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So remember the Lilith Fair? A monumental, epic, crunchy-granola, feel-good testament to all that is feminine? Good news if you do remember: You have great taste in female artists. Good news if you don’t remember: Amanda Mair can provide a cheat-sheet to all the Lilith Fair awesomeness you have been deprived of.

Amanda Mair, first of all, is a baby (aka born 1994 – don’t think about it – it’ll only hurt your soul). The Swedish singer has a beautiful, clear, natural voice that neither grates nor wears on listeners. I could literally listen to her all day. More good news: her debut, self-titled album will be available June 5, 2012.

Most of her music on the album is laid-back – easy listening but distinctive enough not to become boring. There are some poppy undertones (try “Doubt”) – as well as some richer (almost soulful?) sounds on tracks like “Sense.” My personal favorite is “Skinnarviksberget” which makes me think of every prince-and-princess-falling-in-love moment from all our favorite Disney movie classics.

So: Feminists, Scandinavian-philes, Disney-lovers, children of the 90s, unite (if you don’t fall into one of those categories, you need to seriously reassess your interests)! Spread the word of Amanda Mair. She’s definitely worth a listen.

Album Review: Rufus Wainwright – Out of the Game [Decca/Polydor, 2012]

Posted on by Celeste in Albums | Leave a comment

Singers with distinctive voices: Bob Dylan, Colin Meloy, Aretha Franklin, John McCrea – Rufus Wainwright. In my mind, it’s true of Wainwright more than any other artist, that I could recognize his voice anytime, anywhere. I’ve tried, many times, to pinpoint exactly the adjective to describe Wainwright’s voice. Nasal? No. Plaintive? Not exactly. Sweet? Doesn’t quite get at the depth of it. The closest I can come is to say that Rufus Wainwright has a voice that produces ‘sweetly tortured music that makes your soul ache.’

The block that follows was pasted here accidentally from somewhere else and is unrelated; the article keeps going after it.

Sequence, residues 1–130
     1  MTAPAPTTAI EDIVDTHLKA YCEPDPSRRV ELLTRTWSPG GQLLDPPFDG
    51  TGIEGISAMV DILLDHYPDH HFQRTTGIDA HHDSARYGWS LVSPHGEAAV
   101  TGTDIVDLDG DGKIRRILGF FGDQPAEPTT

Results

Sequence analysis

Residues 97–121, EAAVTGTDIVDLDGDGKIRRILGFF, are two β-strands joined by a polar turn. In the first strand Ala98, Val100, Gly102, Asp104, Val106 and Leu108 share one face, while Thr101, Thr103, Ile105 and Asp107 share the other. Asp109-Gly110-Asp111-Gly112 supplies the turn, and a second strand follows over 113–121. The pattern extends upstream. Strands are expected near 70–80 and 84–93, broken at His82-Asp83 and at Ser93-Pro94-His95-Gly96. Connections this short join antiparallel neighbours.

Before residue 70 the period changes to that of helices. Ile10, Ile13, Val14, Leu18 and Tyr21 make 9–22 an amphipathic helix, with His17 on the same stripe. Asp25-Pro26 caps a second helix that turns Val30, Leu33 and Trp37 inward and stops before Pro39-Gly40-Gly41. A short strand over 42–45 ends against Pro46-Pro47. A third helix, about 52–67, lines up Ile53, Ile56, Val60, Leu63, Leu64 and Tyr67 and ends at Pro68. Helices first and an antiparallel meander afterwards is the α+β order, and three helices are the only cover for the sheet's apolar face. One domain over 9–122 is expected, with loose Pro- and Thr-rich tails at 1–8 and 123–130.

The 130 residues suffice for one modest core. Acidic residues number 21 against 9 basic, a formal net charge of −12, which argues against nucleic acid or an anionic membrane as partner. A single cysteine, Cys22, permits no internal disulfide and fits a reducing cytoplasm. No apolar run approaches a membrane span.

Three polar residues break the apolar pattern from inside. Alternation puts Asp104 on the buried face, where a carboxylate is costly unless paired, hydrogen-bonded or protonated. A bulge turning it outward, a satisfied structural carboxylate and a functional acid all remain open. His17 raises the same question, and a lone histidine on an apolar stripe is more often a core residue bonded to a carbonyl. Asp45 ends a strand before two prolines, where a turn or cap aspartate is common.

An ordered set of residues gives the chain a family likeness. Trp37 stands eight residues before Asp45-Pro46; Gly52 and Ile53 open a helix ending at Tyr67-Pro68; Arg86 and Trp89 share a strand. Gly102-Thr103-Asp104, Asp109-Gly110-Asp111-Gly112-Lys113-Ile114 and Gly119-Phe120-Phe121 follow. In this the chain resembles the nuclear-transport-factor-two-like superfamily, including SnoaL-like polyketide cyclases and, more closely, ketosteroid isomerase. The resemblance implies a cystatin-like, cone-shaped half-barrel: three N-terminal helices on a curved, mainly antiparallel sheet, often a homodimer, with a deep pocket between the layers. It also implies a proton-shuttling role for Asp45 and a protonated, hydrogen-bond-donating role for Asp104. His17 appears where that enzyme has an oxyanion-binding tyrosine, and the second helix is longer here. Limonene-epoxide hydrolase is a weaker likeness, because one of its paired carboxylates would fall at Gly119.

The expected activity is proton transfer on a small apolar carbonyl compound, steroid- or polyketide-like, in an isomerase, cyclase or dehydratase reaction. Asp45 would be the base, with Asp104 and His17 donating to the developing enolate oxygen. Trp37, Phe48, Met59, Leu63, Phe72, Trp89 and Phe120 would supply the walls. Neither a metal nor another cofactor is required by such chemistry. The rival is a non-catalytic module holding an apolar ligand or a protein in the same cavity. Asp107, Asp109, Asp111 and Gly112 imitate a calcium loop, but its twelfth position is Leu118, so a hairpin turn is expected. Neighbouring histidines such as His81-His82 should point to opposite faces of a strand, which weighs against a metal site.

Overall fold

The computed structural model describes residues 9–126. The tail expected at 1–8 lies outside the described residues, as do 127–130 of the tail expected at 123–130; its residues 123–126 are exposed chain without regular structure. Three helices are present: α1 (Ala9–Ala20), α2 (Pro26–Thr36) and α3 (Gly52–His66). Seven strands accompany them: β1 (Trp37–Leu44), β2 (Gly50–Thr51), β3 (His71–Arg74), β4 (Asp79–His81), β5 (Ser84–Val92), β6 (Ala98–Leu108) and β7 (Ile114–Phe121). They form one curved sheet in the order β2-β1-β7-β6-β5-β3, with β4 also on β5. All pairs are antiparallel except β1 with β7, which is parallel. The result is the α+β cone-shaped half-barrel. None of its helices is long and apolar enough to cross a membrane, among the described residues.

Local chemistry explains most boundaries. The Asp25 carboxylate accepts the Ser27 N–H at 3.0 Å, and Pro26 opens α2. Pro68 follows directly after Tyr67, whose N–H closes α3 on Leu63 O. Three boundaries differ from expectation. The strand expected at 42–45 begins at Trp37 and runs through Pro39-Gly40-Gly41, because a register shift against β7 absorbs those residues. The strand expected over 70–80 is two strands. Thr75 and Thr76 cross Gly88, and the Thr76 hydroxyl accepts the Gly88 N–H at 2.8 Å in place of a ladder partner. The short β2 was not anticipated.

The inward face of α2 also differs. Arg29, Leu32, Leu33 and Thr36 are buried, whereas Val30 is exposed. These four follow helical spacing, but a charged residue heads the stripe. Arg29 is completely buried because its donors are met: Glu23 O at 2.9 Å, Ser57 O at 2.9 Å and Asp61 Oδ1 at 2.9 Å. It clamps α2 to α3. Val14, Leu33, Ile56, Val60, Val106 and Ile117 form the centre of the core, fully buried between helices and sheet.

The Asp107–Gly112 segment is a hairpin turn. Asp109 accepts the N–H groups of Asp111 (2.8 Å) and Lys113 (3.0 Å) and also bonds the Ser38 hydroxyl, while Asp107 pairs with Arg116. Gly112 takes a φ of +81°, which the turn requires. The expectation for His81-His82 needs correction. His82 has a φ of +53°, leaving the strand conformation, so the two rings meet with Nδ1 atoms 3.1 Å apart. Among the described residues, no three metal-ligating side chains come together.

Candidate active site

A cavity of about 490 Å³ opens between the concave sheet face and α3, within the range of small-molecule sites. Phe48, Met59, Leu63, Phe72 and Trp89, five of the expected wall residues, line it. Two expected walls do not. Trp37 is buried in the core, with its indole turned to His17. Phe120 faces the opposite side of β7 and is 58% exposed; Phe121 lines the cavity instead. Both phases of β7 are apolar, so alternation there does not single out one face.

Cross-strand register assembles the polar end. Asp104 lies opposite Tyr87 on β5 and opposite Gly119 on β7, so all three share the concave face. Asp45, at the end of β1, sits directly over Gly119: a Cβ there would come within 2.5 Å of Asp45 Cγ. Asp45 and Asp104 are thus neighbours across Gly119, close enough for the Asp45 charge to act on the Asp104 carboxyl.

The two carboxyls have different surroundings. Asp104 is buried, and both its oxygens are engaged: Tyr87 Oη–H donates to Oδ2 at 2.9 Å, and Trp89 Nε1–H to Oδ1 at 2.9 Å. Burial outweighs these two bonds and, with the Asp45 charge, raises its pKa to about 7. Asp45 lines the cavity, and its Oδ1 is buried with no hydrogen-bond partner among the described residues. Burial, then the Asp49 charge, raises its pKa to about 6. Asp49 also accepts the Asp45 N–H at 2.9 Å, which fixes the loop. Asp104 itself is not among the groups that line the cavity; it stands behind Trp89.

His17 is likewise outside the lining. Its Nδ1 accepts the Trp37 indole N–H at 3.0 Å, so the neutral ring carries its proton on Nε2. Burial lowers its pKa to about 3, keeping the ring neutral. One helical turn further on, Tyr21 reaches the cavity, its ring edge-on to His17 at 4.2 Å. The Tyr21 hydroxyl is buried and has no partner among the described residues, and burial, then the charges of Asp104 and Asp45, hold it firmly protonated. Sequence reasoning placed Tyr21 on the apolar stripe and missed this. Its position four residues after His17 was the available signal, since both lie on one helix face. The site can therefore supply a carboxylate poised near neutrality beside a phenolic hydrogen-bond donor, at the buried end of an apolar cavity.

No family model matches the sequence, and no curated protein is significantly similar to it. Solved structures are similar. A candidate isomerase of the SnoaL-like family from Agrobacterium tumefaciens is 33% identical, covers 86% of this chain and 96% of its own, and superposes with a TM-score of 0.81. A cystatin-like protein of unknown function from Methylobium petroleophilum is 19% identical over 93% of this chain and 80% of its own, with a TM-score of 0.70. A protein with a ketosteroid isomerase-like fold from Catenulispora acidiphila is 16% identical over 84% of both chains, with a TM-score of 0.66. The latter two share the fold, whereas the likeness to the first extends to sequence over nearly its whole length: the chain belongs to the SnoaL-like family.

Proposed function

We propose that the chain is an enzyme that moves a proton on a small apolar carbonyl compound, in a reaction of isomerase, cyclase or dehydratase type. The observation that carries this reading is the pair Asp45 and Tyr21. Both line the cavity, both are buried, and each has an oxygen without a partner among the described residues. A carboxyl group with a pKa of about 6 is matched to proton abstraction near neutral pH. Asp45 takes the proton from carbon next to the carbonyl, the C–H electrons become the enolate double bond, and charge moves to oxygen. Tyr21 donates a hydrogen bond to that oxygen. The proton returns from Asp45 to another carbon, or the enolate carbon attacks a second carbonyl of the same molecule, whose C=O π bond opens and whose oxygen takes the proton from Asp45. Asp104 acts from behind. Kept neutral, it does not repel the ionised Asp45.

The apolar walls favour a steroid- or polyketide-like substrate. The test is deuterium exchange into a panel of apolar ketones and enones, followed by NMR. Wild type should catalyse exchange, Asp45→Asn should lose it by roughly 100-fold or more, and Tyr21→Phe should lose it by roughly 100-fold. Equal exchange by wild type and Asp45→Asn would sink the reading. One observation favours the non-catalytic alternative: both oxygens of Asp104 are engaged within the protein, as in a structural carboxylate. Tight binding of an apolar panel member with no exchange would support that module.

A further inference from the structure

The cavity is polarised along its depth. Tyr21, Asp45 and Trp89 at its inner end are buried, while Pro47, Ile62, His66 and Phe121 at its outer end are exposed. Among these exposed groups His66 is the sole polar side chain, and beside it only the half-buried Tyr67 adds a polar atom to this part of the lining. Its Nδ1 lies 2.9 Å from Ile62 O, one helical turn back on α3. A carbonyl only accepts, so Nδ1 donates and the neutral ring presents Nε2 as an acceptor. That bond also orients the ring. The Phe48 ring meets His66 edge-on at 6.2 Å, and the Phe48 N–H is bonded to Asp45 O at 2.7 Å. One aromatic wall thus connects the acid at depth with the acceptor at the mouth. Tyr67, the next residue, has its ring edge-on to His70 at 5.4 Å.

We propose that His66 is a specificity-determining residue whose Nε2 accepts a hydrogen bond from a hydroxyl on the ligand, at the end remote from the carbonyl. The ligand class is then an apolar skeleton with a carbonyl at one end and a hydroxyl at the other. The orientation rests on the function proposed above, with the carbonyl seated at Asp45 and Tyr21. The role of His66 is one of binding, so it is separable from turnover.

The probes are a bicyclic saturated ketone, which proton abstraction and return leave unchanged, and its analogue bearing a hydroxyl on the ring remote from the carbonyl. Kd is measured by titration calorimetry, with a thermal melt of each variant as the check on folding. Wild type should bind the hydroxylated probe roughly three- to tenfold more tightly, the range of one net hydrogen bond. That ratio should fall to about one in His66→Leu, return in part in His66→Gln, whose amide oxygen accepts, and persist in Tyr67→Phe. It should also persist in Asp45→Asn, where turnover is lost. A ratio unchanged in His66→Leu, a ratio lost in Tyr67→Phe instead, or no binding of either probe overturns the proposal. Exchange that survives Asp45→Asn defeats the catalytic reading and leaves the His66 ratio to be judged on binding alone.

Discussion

Which is why I thought it was funny that Wainwright’s new Mark Ronson produced album “Out of the Game” was being hailed as a dance-pop record. It seemed incongruous. Having listened to it now though, I see it. Although most dance-pop albums don’t contain the lyrics “choking on my bitter tears/my bitter tears” this is dance-pop in the style of Rufus Wainwright. In other words, Rufus Wainwright doesn’t change for dance-pop, dance-pop changes for Rufus Wainwright. While the distinctive voice and the sweet melancholy remain in true Wainwright form, the backdrop for this work consists of upbeat drums, powerful bass and peppy horns as opposed to the minimalist keyboard or the slow orchestral march of his previous albums.

‘Jericho’, the second song on the album and probably my favorite, has Wainwright showing off his exquisite vocal range, reminiscing about a doomed past relationship, made majestic by the horn and string movement backing him. In between is the choral and trumpet heavy “Welcome to the Ball”, the poppy keyboard infused “Bitter Tears”, and the synth-driven “Song of You”, each a strong point in the album and each recounting its own masterfully woven saga (as with all of
Wainwright’s tracks). The album ends with the epic, seven minute long “Candles.” With any other artist I would say that closing your album with two minutes of bagpipes is self indulgent, but for Wainwright it works.

I don’t know that listening to this album would have me out of my chair and dancing, but I do know that by the end of it I have a silly smile on my face and, contradictory as it may be, the same sense of satisfaction that comes from finishing a good book, albeit a somber one. All in all not a bad state of being.